Today, a case can be made that business firms are beginning to emerge as the most powerful institutions in the world.
Stakeholder Theory and Organizational Ethics
Scholasticism preceded the giants of secular moral and political philosophy. Now, as power is transferred to business institutions and other private organizations, so must our theories recognize this transition in power and begin to look more closely, explicitly, and reflectively at the morality of economic interactions and the organizations where these transactions take place. Business organizations are even taking on larger, more complicated roles in society.
As they enter new arenas such as health care and education, where tough choices and trade-offs among multiple goods are commonplace, friction between economic objectives and other worthy aims is likely to increase. Elements of business and organizational ethics are interwoven within bioethics--the latter perhaps also a contender for the title of most important area of applied ethics. If ethics is to become an integral part of business conduct, it must be knit into organizational life.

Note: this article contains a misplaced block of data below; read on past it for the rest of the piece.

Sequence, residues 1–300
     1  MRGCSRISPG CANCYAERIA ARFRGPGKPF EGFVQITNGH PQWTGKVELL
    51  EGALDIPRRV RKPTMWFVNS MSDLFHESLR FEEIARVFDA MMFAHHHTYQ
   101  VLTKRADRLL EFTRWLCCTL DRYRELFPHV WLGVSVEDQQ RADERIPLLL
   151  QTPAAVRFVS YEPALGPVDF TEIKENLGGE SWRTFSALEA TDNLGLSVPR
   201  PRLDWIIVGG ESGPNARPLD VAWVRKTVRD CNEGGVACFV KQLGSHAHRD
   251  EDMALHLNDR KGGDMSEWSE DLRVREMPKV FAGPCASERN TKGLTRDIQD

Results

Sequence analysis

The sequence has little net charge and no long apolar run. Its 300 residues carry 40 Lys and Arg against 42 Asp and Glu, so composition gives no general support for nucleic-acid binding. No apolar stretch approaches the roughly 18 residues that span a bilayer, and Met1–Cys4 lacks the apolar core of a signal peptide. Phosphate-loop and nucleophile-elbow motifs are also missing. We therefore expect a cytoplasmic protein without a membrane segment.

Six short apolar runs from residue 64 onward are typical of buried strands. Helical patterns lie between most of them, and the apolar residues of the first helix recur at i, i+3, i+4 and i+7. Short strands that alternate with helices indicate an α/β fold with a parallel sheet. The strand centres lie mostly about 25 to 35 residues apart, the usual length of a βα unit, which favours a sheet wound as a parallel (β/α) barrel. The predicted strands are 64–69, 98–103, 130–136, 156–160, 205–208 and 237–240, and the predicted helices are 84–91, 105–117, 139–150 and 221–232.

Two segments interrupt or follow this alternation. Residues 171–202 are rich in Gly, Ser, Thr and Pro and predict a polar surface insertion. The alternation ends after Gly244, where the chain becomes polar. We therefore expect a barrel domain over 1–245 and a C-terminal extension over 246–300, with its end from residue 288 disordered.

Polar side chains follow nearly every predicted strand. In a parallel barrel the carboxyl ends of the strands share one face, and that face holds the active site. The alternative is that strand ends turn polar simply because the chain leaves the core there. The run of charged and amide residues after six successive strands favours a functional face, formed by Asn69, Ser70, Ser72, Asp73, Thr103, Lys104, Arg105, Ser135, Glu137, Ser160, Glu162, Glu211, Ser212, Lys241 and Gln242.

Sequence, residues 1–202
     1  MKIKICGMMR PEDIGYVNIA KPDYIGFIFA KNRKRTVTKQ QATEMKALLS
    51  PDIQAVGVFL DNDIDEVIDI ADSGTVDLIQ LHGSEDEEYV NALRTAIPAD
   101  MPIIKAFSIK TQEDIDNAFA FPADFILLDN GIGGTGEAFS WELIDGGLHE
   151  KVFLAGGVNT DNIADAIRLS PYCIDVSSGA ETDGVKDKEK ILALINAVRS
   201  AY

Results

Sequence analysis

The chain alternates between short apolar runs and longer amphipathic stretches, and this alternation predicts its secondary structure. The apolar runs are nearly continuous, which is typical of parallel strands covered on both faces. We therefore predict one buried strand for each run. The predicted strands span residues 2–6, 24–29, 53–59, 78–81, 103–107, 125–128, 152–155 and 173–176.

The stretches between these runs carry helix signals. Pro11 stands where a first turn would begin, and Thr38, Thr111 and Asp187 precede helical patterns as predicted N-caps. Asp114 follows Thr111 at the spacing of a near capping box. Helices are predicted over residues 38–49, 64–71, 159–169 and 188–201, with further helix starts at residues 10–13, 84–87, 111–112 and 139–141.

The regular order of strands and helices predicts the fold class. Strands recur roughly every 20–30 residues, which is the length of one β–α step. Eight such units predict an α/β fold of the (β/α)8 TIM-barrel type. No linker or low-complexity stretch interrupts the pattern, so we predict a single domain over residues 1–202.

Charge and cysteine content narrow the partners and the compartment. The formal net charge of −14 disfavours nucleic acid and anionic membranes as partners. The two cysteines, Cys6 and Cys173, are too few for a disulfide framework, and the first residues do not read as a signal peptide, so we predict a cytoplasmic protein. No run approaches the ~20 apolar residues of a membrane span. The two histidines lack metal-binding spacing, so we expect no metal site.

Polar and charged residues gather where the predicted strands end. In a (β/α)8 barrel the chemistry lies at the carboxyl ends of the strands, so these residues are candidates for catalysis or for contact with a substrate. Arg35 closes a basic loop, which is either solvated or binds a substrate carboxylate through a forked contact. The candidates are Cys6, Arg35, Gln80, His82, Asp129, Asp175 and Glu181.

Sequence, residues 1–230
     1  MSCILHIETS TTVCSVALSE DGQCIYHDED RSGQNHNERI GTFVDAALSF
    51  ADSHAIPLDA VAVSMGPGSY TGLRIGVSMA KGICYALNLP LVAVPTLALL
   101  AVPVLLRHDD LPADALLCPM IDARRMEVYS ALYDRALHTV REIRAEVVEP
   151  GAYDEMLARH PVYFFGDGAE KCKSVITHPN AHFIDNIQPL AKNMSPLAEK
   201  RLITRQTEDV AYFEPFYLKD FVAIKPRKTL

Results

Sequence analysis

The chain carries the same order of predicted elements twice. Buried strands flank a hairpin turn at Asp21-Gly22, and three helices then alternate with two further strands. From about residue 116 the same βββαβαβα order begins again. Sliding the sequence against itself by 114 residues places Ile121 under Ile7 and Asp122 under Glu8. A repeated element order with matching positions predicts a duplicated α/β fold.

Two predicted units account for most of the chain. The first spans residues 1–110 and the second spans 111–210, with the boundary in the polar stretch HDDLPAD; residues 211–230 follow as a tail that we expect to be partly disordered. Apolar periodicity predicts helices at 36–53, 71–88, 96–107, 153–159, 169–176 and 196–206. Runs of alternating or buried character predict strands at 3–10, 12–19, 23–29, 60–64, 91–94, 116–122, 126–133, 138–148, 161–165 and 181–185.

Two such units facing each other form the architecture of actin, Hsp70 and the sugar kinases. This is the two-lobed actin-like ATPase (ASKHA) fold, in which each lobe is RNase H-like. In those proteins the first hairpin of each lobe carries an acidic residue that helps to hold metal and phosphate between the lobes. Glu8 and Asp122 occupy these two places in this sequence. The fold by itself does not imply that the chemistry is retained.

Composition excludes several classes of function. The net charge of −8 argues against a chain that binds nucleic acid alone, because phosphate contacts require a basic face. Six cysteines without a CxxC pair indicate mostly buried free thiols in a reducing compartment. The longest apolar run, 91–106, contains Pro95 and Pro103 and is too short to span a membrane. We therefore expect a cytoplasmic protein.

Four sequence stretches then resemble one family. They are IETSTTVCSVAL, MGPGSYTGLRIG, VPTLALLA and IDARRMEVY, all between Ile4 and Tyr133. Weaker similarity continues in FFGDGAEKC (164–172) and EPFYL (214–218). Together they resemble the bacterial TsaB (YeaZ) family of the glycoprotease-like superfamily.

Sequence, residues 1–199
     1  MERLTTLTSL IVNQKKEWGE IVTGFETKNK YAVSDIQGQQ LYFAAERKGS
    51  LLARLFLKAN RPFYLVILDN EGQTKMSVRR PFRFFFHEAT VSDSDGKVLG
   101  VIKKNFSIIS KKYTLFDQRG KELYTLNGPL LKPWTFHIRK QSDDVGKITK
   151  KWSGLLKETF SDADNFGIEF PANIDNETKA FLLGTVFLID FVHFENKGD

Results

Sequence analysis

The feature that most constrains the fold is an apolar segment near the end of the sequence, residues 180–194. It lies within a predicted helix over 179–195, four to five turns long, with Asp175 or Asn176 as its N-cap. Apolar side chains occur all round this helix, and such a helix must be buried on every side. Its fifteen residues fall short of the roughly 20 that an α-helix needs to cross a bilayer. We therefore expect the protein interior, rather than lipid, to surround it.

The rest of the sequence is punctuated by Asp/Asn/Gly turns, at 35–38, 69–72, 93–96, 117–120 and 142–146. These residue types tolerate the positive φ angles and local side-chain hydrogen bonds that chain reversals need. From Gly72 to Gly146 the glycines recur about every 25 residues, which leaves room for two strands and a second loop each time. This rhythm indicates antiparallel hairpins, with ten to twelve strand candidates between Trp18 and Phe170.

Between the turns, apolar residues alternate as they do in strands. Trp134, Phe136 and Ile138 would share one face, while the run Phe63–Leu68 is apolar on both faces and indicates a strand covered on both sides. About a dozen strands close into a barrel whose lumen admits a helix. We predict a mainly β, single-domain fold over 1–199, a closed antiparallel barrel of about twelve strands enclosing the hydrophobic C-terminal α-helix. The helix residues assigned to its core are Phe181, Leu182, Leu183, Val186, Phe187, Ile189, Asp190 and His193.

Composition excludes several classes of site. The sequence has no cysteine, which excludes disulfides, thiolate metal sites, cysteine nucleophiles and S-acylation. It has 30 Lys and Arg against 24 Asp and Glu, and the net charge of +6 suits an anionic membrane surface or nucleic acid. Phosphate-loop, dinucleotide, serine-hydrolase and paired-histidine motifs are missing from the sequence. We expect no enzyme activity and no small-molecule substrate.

Our theories must thus begin with a consideration of organizations. Just as scholars have previously attempted to philosophically analyze and justify the power wielded by the state and its agents, it is essential that at least a portion of our attention be turned to a philosophical analysis of the power wielded by managers in organizations. Political and moral theory seeks a comprehensive explanation of ethical duties between moral agents. This level of abstraction is typically comprehensive and universal; that is, the classics of moral and political philosophy generally refer to all persons in all times and places.
This book attempts to provide a general explanation of the creation and existence of moral obligations within organizations and among stakeholders. Furthermore, organizations are dependent upon these constituency groups for their success. This much is uncontroversial. Refer to these constituencies as stakeholders, however, and the disagreements appear ceaseless.
Who are these stakeholders?
Stakeholder Theory and Organizational Ethics by Robert Phillips